04/17/2010 05:12 am ET | Updated May 25, 2011

Compelling Republican "Collaboration"

The Republicans have shown that a minority can control congressional outcomes. The Democrats advance policies; the Republicans, rather than bargaining for something in return, simply defeat Democratic efforts. The strategy works because the Republicans are content with the status quo. The Democrats, with their bicameral majority, must make the status quo unsatisfactory to the Republicans. By denying Republicans their elixir -- military strength -- the Democrats can compel collaboration.
At present the Republicans have won two arguments: First, that national security comes from military strength and is not subject to any budgetary constraint (the Bush administration did not even include war costs within its budgets); Second, that taxes are bad. The Democrats must restructure the argument: First, that national security involves not just military strength but economic strength and energy independence. Second economic strength requires fiscal responsibility. If they adopt this posture, persist in it, and live by it, with majorities in both houses, or even strong minorities, they can force accommodation and sound governance.
The Republicans at present have no need to bargain. They have had and continue to have their way on their principal -- arguably only -- political goal: limited government with a strong military and a bellicose foreign policy. That is, in their view, the sole role of government!
But national security involves more than military force and an aggressive, martial foreign policy. Even the Republicans acknowledge energy independence as an element of national security. To this peg, the Democrats must add as elements of national security a strong economy free of excessive deficits and a sustainable environment. The Defense Department itself has recognized that environmental degradation will lead to extreme weather conditions, decreasing global water supplies and soon to increases in international terrorism.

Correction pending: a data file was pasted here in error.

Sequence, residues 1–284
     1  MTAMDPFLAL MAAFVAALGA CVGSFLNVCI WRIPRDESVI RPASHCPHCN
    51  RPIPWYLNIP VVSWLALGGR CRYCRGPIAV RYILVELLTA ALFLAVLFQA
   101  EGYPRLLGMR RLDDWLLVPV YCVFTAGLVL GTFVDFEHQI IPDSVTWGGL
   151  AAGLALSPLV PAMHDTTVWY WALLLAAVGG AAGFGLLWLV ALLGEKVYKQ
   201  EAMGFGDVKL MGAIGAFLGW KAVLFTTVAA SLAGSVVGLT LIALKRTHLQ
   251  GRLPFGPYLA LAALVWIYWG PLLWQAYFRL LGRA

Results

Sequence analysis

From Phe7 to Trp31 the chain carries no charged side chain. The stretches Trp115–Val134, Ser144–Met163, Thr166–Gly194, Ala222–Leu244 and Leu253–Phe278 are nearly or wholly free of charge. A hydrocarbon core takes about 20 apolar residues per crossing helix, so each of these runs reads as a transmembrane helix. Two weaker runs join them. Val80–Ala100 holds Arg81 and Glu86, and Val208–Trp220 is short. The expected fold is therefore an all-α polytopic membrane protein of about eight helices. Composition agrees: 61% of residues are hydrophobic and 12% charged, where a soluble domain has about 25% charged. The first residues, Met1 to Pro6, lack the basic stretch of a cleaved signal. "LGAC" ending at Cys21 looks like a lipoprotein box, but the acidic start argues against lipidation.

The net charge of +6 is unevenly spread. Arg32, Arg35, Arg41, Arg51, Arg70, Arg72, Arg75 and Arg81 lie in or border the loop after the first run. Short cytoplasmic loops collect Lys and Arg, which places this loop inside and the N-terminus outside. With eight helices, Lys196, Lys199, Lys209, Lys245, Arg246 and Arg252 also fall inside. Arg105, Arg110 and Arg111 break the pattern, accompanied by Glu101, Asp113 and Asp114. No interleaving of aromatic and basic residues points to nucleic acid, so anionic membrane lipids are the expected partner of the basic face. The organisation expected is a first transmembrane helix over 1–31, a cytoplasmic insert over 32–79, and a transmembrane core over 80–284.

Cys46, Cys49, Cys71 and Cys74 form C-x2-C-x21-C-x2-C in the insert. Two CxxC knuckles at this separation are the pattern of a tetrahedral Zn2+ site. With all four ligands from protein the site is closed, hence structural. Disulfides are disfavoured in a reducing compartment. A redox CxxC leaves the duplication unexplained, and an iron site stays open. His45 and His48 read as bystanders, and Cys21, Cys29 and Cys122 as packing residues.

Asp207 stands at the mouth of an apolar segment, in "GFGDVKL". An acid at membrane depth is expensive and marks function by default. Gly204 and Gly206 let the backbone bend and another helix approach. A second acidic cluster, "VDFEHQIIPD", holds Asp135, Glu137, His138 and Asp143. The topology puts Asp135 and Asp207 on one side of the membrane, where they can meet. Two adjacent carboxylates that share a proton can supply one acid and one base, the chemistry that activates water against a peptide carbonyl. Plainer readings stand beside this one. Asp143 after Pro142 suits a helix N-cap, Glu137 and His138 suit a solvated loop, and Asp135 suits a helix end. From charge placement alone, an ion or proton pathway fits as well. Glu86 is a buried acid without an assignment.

National Security rests on three legs: First, a strong military; second, a sound economy; and third, a viable, sustainable environment. Standing on this stool, the Democrats must insist that the first leg depends upon Republican acceptance and funding of the other two.
The Obama Administration has, in its 2011 budget, proposed a $700 billion defense budget including the funding of three wars: Iraq, Afghanistan, and the War on Terror. Next year, ok. But in fiscal 2012 and the following years, this level of funding for defense must be subject to negotiation. The status quo must no longer assume high levels of defense spending.
It took years for the Republicans to join and sell strong national security and "no new taxes." And having planted this cancer in the American brain, the Republicans reinforced it with the same persistence and focus with which they present their rigid -- and false -- talking points (the stimulus is not working, tax cuts only will restore the economy, etc), deaf to contrary facts and arguments.
The Democrats do not have to commit the same falsehoods. National security does involve economic as well as military strength. New taxes are not a sign of economic weakness and do not prevent economic growth. We cannot afford endless wars or unlimited defense budgets.
Quite simply, Democrats must put national defense into play. The Republicans want big defense expenditures (and endless wars). The defense and wars must be paid for, and the Republicans must vote for the taxes to pay for them. No taxes to pay for them, no wars. Forty-one Democratic senators must say "no" unless balance is brought back to the federal budget.
Holding national defense hostage may be tricky, but the Republicans used a similar tactic just one and a half years ago. The Republicans and the Bush Administration took the country to the edge of economic catastrophe in fall, 2008. And then congressional Republicans played chicken and refused to vote for the bailout to save the financial structure. They won. The Democrats led by Nancy Pelosi, with Hank Paulson down on one knee before her, stepped up to rescue the economy. Unfortunately the Democrats may have to take a similar posture, this on national security, but they have reason on their side. They must force the Republicans to appear to be blocking national defense when they refuse to fund it.
In the future, Defense Secretary Gates should be forced to his knees before the Congressional Republicans, begging them to rescue the defense budget by voting for a tax bill to pay for it. No, the Democrats cannot threaten to cripple our soldiers at war, but they can stop huge discretionary defense spending ($700 billion includes a lot of choices) unless the Republicans accept a broad definition of "National Security" and vote for sound fiscal policies--including tax increases--and rational energy policies, including decreased dependence on both foreign and domestic oil.
Take away the Republican drug of choice, and make them NEED something from government. That is hardball, and its time the Democrats learned to play.